Lean Times on Isle Royale
March 8, 2006—
It's shaping up to be a lean year for the wolves and moose of Isle Royale National Park.
The number of moose has sunk to 450, the lowest since researchers began tracking their numbers on this wilderness Lake Superior archipelago. Now in its 48th year, the project is the world's longest-running study of predator-prey relationships.
"The moose are probably hurting because there are so many wolves," said Assistant Professor John Vucetich, who co-leads this ongoing Michigan Technological University investigation with Professor Rolf Peterson. While moose have declined, wolf numbers have been on the rise for the past several years, topping out at 30 in 2004-05 and holding steady this year.
For the last few years, the island's moose have been weakened by a plague of ticks, which distracted them from feeding and caused hair and blood loss. The ticks do not attach to humans, but they have been a bane for the moose, making them easy prey for the wolves, who have had relatively easy pickings since 2002-03, when the moose population stood at 1,100. Now, however, most of the older moose have died, so wolves have had to rely even more than usual on moose calves.
"We had two dozen moose die while we were there this winter," Peterson said. "Moose are really going to go down, unless the wolves back off."
The numbers only tell part of the story. As their primary food source dwindles, Isle Royale's wolf packs are reacting to the strain.
"They're showing signs of turmoil and chaos," Vucetich said.
In addition to a handful of lone animals, Isle Royale is home to three wolf packs: the Middle Pack, the East Pack and the Chippewa Harbor Pack. This year, the East Pack has been trespassing on the Chippewa Harbor Pack's territory, and Vucetich witnessed some of the hostilities while on a routine observation flight over the area Jan. 31.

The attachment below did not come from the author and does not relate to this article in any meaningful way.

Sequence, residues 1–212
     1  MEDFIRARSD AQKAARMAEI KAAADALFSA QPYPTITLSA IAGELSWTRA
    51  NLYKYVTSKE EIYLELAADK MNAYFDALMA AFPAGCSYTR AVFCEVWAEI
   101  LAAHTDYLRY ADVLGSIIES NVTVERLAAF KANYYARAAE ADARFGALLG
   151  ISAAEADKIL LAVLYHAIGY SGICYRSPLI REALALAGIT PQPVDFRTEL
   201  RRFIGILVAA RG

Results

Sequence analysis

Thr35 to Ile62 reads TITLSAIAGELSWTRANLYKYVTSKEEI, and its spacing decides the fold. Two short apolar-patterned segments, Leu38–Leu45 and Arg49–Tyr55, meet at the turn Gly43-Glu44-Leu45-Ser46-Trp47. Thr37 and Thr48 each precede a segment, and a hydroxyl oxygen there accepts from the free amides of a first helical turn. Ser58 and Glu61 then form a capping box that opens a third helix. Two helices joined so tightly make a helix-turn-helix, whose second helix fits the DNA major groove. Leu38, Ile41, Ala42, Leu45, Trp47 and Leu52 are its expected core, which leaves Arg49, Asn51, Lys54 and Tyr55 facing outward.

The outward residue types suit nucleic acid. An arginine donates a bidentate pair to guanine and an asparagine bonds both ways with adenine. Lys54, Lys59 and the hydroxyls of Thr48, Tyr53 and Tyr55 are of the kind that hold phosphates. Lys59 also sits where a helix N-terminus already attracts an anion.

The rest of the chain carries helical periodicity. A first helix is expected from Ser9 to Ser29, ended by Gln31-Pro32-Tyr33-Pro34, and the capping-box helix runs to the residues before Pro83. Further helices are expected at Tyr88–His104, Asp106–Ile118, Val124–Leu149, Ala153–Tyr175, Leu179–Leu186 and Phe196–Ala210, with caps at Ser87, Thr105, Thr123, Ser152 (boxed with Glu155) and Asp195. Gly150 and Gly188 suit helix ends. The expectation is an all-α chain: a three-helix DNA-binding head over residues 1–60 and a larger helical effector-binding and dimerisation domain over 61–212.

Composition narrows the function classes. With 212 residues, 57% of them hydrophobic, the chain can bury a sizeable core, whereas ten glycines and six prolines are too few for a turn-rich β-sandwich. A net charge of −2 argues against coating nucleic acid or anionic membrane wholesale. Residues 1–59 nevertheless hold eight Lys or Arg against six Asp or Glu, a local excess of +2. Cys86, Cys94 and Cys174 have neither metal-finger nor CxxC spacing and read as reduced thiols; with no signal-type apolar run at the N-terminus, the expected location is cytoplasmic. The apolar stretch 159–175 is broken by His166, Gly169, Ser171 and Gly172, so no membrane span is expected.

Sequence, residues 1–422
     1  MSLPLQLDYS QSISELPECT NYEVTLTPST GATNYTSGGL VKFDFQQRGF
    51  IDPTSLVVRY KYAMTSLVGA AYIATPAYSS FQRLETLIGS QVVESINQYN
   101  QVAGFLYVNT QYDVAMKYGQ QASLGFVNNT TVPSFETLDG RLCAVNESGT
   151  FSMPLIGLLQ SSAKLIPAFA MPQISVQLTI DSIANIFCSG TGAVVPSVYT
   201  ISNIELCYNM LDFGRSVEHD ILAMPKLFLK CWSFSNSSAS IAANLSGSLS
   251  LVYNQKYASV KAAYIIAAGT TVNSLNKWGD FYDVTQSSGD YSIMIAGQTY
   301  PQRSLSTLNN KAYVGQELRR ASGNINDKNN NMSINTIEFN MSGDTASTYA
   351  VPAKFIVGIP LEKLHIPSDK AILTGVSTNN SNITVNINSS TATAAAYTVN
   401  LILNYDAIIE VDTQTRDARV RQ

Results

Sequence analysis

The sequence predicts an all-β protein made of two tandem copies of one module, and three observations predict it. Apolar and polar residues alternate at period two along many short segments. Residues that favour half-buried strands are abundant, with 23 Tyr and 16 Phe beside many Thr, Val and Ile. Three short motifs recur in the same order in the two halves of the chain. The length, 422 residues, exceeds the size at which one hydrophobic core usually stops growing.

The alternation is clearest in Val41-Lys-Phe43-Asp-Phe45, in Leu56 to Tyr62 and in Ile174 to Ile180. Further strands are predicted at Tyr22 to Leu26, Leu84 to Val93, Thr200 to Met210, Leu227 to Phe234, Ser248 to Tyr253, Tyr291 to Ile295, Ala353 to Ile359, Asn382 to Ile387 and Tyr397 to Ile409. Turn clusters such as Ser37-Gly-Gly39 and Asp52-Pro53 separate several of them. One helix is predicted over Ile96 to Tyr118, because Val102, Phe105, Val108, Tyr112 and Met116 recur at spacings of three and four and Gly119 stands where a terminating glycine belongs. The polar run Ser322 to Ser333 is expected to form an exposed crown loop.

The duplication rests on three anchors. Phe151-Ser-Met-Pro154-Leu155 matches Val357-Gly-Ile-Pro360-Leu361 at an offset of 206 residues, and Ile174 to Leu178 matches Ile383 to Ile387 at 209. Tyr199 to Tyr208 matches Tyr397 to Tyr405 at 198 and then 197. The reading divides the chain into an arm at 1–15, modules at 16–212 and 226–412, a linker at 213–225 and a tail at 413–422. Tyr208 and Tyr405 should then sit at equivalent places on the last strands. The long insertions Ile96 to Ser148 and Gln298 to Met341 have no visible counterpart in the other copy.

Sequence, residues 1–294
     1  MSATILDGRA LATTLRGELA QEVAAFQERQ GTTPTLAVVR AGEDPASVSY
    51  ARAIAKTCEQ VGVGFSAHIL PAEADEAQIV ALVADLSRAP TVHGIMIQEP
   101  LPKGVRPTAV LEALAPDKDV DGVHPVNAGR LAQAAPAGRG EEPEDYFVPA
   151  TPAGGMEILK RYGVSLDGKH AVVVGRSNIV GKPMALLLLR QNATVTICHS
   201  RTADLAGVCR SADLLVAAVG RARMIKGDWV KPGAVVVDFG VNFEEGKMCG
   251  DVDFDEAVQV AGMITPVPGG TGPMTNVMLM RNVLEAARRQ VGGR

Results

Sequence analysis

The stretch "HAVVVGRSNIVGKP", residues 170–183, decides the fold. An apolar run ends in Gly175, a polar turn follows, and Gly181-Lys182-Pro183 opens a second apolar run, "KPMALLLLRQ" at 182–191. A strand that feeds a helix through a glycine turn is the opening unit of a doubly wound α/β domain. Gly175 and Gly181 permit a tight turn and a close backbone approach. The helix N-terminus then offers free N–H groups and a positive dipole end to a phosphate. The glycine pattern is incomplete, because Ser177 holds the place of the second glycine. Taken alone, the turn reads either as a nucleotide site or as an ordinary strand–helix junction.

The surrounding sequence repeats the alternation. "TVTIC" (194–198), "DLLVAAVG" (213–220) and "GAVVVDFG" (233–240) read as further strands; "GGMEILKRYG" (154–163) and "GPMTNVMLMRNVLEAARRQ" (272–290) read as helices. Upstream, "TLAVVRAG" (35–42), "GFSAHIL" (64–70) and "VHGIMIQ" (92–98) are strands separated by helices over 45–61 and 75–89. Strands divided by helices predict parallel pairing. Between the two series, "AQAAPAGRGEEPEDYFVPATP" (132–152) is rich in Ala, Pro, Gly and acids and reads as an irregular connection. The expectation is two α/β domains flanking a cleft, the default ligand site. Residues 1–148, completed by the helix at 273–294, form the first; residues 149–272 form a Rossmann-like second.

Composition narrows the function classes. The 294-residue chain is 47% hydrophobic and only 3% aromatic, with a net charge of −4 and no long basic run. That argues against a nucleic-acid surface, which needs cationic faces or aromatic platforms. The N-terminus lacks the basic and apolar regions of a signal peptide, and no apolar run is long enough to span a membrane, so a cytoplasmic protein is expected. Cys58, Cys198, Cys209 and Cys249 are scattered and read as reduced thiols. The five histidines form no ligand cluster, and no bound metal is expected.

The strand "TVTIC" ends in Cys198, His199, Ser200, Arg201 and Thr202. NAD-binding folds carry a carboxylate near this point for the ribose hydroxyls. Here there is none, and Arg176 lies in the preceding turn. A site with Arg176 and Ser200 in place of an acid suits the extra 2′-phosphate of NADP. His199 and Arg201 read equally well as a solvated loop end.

The Chippewa Harbor Pack had brought down a moose in its own territory, and the alpha male and another wolf were lying on the remains of the carcass, chewing the bones. Eight members of the East Pack were trotting along a snow-covered beach about a mile away when they abruptly changed direction and began crossing rough terrain in the direction of the moose carcass.
"You knew they were up to something," Vucetich recalls. "Then they rallied at an open pond, where they started to howl and sort of pump each other up."
Amazingly, the two Chippewa Harbor Pack wolves, who were well within earshot, took no notice of the commotion. Meanwhile, the East Pack wolves closed in on them and attacked. Both Chippewa Harbor Pack members tried to escape, but the East Pack chased down the alpha male and killed him on the spot.
"They ambushed him," Vucetich said. "He didn't have a chance."
Vucetich watched as the sole survivor fled to join the rest of the pack.
"For 15 or 20 minutes, he was interacting with his pack mates, trying to get them to get out of there," he said. "This was a subordinate trying to tell the alpha female that her mate was gone. Then, finally, they all got up and started to walk away." The pack retreated to the center of their territory, where they spent the next two days sleeping. "During the month that followed, Chippewa Harbor Pack lost about half of its territory to East Pack."
"Within a couple weeks, the alpha female was being courted," Peterson said. "She lost that alpha male just weeks before they would have mated, and a wolf can't lose a year of reproduction; that's totally unheard of."
This inter-pack warfare is not gratuitous, scientists say. It's a struggle for control of a diminishing food supply. "The wolves are short on moose, period, and they are really short on old moose," Peterson said. "Last winter, most moose they killed were 13 years or older, and now they are on the tag end of that baby boom generation, with nothing coming behind them."
"There are about 15 moose for every wolf now, and normally, there'd be about 40 or 50."
There's no reason to think that the moose are going to pop out of their population slump anytime soon, Peterson said. In addition to pressure from the wolves, their habitat has declined over the years, with old spruce and balsam fir slowly replacing the lusher birch and aspen forests.
Another sign of trouble is that moose are eating snow, a signal that they aren't getting enough food to provide them with the water they need. "We didn't see that 20 years ago," Peterson noted. "And they're also eating lichens. A 1,000 pound animal eating lichens! It's like eating dust."
The study is funded by the National Park Service, the National Science Foundation and Earthwatch.
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